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Walt Whitman to Richard Maurice Bucke, 22 November 1888

Not much difference—if anything duller & some depression to-day. Clear weather & unmistakably cold. I sit crouch'd by the fire—No word from you for three days—An Englishman, Lewis Fry,2 MP. for Bristol, call'd, bringing two fine tall daughters.3 I am just writing to Mary Costelloe.4

Walt Whitman

Richard Maurice Bucke (1837–1902) was a Canadian physician and psychiatrist who grew close to Whitman after reading Leaves of Grass in 1867 (and later memorizing it) and meeting the poet in Camden a decade later. Even before meeting Whitman, Bucke claimed in 1872 that a reading of Leaves of Grass led him to experience "cosmic consciousness" and an overwhelming sense of epiphany. Bucke became the poet's first biographer with Walt Whitman (Philadelphia: David McKay, 1883), and he later served as one of his medical advisors and literary executors. For more on the relationship of Bucke and Whitman, see Howard Nelson, "Bucke, Richard Maurice," Walt Whitman: An Encyclopedia, ed. J.R. LeMaster and Donald D. Kummings (New York: Garland Publishing, 1998).


  • 1. This letter is addressed: Dr R M Bucke | Asylum | London | Ontario | Canada. It is postmarked: Camden, N.J. | Nov 22 | 8 PM | 88. [back]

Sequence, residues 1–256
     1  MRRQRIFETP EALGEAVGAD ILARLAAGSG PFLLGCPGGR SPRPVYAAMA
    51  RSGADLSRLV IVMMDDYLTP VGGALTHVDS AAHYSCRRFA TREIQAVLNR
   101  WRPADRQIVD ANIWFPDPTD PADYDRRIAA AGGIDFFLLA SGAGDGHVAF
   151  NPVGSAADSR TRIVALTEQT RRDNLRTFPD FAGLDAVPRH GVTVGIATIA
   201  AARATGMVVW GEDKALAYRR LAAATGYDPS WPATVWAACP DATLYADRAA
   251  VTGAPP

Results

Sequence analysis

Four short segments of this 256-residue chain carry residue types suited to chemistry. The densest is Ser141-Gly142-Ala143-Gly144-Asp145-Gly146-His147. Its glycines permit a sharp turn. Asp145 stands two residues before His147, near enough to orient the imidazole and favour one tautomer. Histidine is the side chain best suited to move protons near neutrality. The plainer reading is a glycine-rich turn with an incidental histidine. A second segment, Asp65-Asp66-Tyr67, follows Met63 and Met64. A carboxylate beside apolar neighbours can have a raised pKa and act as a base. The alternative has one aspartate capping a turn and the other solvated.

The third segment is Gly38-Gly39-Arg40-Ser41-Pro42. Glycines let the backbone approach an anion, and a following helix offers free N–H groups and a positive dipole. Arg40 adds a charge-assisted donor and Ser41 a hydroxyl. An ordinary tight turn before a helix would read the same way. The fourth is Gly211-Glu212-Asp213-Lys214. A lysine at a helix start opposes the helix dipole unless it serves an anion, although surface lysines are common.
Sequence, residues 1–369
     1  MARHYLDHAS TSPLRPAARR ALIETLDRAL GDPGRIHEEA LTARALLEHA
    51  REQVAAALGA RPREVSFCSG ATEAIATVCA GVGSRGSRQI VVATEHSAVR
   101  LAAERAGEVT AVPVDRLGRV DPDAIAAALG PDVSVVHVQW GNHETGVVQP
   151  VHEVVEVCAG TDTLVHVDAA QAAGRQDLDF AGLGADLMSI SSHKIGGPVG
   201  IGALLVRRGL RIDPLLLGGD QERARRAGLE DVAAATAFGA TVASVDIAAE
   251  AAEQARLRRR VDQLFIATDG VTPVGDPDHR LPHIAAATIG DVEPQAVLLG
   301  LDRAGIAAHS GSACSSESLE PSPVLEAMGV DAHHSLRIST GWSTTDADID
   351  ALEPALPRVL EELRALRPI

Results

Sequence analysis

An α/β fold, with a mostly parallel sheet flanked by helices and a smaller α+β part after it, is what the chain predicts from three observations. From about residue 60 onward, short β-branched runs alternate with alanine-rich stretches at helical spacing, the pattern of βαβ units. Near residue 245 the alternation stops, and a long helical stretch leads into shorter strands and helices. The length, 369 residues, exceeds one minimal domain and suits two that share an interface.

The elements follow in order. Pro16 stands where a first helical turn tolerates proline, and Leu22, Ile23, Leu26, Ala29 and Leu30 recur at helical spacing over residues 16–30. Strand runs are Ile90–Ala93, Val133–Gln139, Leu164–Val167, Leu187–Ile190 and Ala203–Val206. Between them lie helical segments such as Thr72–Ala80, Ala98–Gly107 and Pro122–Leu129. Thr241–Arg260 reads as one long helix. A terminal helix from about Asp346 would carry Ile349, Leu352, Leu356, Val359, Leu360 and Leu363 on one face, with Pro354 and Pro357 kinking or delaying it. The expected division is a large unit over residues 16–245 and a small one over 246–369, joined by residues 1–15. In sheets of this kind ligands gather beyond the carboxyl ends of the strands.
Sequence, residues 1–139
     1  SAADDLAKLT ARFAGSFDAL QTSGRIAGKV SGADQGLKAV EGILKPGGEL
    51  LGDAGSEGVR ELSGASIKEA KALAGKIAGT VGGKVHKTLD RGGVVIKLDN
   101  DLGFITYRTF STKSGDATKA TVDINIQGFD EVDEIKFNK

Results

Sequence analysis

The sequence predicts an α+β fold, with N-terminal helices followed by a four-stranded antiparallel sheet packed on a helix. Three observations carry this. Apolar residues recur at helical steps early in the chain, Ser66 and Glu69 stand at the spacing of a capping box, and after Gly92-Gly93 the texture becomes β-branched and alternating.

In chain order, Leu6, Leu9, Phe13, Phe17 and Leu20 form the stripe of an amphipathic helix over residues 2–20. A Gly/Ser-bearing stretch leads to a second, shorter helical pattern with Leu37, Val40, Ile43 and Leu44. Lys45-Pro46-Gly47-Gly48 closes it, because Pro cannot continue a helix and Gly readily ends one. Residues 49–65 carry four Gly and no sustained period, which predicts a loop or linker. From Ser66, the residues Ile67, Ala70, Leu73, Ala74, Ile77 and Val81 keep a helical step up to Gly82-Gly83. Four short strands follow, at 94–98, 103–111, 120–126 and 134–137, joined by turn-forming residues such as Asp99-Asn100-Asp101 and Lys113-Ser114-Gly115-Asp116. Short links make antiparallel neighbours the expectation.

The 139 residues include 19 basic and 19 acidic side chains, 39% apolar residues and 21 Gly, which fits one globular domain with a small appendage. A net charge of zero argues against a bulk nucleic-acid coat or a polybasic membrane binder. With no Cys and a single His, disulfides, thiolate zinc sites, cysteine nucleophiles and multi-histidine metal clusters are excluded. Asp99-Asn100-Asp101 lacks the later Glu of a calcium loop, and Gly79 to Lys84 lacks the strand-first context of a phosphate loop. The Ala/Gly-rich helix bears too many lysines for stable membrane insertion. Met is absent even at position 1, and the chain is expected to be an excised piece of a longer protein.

• 2. Lewis Fry (1832–1921) was a British lawyer and Liberal Unionist politician who served as a Member of Parliament for Bristol for three terms between 1878 and 1900. [back]
  • 3. With a letter of introduction dated August 31, 1888 from Edward Dowden (see Horace Traubel, With Walt Whitman in Camden, Wednesday, November 12, 1888), Lewis Fry (1823–1921), a Liberal and Unionist Member of Parliament from Bristol, England, called on Whitman on November 20. Whitman was much impressed with this "good Liberal" (see Horace Traubel, With Walt Whitman in Camden, Tuesday, November 20, 1888). Dowden acknowledged receipt of November Boughs (1888) on June 26, 1889. [back]
  • 4. Mary Whitall Smith Costelloe (1864–1945) was a political activist, art historian, and critic, whom Whitman once called his "staunchest living woman friend." A scholar of Italian Renaissance art and a daughter of Robert Pearsall Smith, she would in 1885 marry B. F. C. "Frank" Costelloe. She had been in contact with many of Whitman's English friends and would travel to Britain in 1885 to visit many of them, including Anne Gilchrist shortly before her death. For more, see Christina Davey, "Costelloe, Mary Whitall Smith (1864–1945)," Walt Whitman: An Encyclopedia, ed. J.R. LeMaster and Donald D. Kummings (New York: Garland Publishing, 1998). [back]
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